A comment today on one of my older posts here on IFB started me thinking a lot about reader engagement; what is it, how we measure it, and why it's important. Essentially, the blogger was frustrated that instead of visiting his blog to respond to a blog post he sent out via feedburner, one of his readers responded with a direct email back to him. Consequently, he asked if he should stop sending full blog posts via email and instead just send a link to his blog.
This honestly troubled me a bit because one – the fact that a reader is engaged enough to send a response IN ANY WAY is great, and two – why would you want to create an obstacle to reader engagement?
(Essentially what he would be doing if he stopped sending full posts and just sent a link) – He would just be trading one form of engagement for another.
Reader engagement is more than just validation that you're on the right track, it's a great way to determine if your readers are doing what you want them to: buying products, clicking links, etc.
I know we (and I) talk a lot about how to get more comments, and using that as a barometer for engagement but there are quite a few different ways in which readers can interact with your blog:
By visiting your blog, readers are engaging with it. Sometimes this is overlooked though, in favor of a more “obvious” form of engagement like comments or social media likes. Don't overlook it! Every page view is an opportunity.
Buying via Affiliate Links
If you monetize via affiliate links, this is a great way to measure whether or not you're doing it right. Ultimately you want your readers to buy via your links, and if they are, that means you're providing them with resources they're looking for. If not, maybe you haven't found the right mix of product/boutique yet. (this also goes for clicking on your ads)
This is the one we all strive for, and comments are nice, and an important validation of your content (sometimes), but they're not the most important measure of engagement.
I think sometimes we get caught up in how having more comments on your blog LOOKS to the outside eye instead of how meaningful they really are.
Some of your readers may prefer to engage with your blog via email. And that's okay. I've spoken before about how important it is to go where your readers are, and if you're sending blog posts via an RSS service or the like, then it may be easier for some of your readers to leave a reply that way instead of clicking through to your blog.
Facebook, Instagram, Pinterest, Twitter, Google+ – there are so many OTHER ways for your readers to consume and respond to your content now than ever before. If your demographic tends to be younger, then they'll probably prefer to engage via social media likes/shares/whatever. If you're also active on social media, this is a great medium to have conversations with your readers and/or provide them with exclusive content.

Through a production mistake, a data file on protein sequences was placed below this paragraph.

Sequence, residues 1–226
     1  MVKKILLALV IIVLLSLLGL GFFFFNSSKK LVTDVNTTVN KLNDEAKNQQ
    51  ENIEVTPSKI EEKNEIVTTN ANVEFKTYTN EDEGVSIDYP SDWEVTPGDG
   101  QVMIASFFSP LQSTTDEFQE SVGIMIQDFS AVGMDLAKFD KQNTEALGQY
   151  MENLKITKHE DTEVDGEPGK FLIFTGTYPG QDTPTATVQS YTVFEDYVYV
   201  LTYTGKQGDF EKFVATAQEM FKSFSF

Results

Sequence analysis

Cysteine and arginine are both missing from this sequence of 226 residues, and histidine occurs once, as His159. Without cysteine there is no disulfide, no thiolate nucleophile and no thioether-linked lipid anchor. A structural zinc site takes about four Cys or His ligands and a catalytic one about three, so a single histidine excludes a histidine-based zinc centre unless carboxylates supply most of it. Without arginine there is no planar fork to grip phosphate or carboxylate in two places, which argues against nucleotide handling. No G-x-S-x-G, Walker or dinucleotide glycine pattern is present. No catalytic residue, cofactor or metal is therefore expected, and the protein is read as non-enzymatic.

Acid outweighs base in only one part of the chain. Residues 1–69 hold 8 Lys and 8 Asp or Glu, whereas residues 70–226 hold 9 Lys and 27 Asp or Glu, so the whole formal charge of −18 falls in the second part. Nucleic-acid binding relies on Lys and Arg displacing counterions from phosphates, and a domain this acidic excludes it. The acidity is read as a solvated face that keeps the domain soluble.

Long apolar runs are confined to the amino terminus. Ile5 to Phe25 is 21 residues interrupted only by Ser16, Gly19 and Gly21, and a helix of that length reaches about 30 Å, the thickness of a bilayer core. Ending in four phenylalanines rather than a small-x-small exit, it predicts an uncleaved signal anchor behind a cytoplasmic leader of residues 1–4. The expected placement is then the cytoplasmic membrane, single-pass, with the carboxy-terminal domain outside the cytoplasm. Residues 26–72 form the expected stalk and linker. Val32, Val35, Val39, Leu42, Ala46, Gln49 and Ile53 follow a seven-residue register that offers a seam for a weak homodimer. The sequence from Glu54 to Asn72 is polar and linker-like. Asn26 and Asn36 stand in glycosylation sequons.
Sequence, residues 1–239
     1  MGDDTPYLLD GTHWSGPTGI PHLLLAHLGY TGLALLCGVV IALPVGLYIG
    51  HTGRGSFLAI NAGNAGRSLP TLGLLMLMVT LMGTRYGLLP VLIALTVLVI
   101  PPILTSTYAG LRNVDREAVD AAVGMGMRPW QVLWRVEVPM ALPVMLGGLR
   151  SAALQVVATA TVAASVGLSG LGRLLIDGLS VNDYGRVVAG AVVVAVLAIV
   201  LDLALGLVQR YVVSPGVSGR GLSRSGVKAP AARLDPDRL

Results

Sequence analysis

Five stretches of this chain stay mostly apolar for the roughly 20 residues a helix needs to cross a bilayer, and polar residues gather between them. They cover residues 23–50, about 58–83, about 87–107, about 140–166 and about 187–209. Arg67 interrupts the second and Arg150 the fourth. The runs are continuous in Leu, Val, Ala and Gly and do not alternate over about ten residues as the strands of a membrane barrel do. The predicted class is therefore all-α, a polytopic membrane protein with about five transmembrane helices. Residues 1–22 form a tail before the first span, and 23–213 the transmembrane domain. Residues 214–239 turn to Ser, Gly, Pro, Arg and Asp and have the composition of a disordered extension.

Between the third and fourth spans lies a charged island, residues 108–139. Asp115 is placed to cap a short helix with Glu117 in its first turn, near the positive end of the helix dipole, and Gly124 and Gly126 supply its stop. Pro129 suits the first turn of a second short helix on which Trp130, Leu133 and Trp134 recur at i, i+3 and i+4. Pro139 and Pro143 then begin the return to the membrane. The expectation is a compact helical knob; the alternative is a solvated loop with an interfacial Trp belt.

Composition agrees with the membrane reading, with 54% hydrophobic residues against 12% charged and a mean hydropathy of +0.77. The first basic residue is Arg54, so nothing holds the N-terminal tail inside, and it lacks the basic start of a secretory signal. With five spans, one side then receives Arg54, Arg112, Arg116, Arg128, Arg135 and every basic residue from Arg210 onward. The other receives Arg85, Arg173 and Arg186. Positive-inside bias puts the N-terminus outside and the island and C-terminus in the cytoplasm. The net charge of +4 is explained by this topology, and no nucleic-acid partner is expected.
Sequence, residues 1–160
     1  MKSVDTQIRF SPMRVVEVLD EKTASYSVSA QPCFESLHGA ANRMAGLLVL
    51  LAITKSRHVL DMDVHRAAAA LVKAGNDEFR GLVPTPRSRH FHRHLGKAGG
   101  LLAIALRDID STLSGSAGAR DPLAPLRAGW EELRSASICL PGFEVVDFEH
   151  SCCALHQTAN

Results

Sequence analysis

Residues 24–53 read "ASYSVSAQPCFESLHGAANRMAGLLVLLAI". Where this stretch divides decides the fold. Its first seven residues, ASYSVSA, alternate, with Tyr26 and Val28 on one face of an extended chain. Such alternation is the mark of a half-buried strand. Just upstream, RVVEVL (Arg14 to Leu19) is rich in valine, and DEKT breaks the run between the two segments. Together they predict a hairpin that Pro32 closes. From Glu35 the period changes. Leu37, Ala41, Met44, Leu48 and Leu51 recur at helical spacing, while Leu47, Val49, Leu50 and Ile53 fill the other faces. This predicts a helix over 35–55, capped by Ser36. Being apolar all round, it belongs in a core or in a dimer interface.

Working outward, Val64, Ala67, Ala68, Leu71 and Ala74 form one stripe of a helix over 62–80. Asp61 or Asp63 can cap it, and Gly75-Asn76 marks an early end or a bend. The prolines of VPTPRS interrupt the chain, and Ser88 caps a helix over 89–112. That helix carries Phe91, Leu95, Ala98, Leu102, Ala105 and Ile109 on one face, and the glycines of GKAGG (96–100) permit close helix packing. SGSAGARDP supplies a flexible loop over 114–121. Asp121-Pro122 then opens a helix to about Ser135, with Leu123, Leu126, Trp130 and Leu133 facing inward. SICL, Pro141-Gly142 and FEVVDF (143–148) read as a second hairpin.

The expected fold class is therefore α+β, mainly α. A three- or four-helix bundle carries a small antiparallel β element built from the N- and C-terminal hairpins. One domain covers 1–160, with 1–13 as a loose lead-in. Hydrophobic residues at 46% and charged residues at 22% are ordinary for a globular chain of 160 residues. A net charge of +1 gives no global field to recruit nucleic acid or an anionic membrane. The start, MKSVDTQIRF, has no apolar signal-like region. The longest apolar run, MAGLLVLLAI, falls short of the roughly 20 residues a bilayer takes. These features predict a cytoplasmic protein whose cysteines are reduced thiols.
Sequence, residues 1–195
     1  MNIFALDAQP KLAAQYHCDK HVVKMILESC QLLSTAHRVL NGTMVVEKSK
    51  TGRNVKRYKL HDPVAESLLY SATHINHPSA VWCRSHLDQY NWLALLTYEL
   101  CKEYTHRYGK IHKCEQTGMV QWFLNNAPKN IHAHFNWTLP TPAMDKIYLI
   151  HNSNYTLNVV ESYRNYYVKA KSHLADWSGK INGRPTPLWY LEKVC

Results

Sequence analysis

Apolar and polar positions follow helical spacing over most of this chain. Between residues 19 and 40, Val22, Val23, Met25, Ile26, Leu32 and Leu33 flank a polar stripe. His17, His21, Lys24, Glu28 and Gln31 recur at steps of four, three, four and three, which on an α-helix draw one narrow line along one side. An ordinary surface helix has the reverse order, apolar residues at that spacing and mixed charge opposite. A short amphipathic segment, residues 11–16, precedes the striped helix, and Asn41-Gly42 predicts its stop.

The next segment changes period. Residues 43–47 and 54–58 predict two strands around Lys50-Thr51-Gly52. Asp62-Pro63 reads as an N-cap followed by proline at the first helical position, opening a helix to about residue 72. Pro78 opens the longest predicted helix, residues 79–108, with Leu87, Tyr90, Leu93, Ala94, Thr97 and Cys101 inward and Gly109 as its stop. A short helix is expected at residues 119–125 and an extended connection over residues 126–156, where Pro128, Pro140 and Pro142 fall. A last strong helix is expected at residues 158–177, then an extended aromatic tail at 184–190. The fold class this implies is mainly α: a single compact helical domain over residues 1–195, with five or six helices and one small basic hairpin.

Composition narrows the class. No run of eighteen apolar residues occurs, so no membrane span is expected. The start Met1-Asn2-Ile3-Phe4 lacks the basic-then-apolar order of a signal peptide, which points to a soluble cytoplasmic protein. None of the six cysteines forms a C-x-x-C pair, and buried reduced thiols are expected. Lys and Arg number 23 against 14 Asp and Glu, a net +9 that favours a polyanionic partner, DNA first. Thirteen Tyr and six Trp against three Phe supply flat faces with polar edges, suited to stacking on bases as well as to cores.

Reading your newsletters
Open and click rate for your newsletters is an important way to measure how much your readers enjoy your content. I find that my email newsletters are one of the very top drivers of traffic to my blogs, but I do also get email responses to them periodically. Readers are very protective of their email addresses, so if they've given it to you, that's an important indication that you're doing something right in itself!
The type of engagement you'll get on your blog depends on your niche, your readers, and the kind of content you offer. If you're an outfit blogger primarily, you probably won't get a lot of comments on most of your posts. In this case, if you're active on Instagram, you might get a lot more engagement there, since it's a more visual medium. If your posts tend to be more personal or lifestyle based, you will probably get more comments, or have more conversations on Facebook. If you're a shopping blogger, you'll want to pay particular attention to how your affiliate links perform, which is an indication that your readers are engaging with you by shopping via your links.
Also, your engagement can depend on whether most of your readers are bloggers or not.
We tend to live by a “code” and will leave comments on blog posts to show our engagement with a fellow blogger, but non-blogger readers may not.
They may like your post on Facebook, or send you a quick email to show their support. Don't get frustrated or upset when readers don't engage with your blog the way YOU want them to – be thankful for their engagement wherever the choose to do it; the important thing is that your content and your message is resonating with someone.
[Image credit: Shutterstock.com]